”This engine is very torquey, and it’s going on bigger boats with a lot of electronic features,” Foulkes said. “We put a huge alternator on this engine. It will produce 20 amps net output at idle, and 85 amps wide open. This engine will power anything.”
Honda Marine showcased its redesigned and improved BF200, BF225 and BF250 V6 outboards and provided a brief business update Thursday morning at MIBS.
The three motors sport Honda’s new Progressive V Form design, parts of which were first seen on the company’s 2017 design concept engine.
The revamped Honda V6 engines feature a number of enhancements for improved reliability and ease of maintenance. Corrosion resistance is improved with a new coating on the surface of engine hardware that utilizes a chemically treated, zinc-nickel plating with a high corrosion-resistant top coat. The number of anodes on each engine’s V bank has been increased from two to four.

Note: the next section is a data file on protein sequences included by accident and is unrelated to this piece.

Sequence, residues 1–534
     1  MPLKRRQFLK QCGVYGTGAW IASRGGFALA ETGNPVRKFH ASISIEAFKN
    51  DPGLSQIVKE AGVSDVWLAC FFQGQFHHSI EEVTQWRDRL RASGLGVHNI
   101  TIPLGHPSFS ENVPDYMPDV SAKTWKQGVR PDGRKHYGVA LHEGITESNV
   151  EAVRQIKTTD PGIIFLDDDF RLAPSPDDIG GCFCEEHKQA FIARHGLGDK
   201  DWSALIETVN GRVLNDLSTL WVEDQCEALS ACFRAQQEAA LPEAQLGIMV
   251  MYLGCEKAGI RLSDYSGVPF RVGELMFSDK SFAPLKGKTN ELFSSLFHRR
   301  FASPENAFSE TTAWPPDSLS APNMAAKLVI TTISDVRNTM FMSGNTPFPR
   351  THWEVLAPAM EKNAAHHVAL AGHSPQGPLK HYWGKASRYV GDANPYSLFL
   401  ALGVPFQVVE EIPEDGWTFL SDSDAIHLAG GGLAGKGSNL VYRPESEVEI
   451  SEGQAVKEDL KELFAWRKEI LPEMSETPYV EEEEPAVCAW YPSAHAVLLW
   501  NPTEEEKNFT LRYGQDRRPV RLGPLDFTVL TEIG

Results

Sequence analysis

The technology applied to the refreshed Honda BF200, BF225 and BF250 V6 engines is derived from the same technology that powers Honda automobiles.
All three outboards feature multiple rigging options; choices include both Intelligent Shift and Throttle (iST) as well as mechanical control options, said Will Walton, Honda Marine assistant vice president.
“We keep hearing from dealers it’s hard to fine experienced technicians,” Walton said. “We’ve made the job of maintaining these products easier by relocating the high-pressure fuel filter and adding a larger diameter dipstick tube.”
The BF200, BF225, BF250 outboard motors, available in either Aquamarine Silver or Grand Prix White, will be available starting in the fourth quarter of this year.
Yanmar Marine unveiled the latest edition to its family of new generation, common rail diesel engines, the 3JH40 inboard.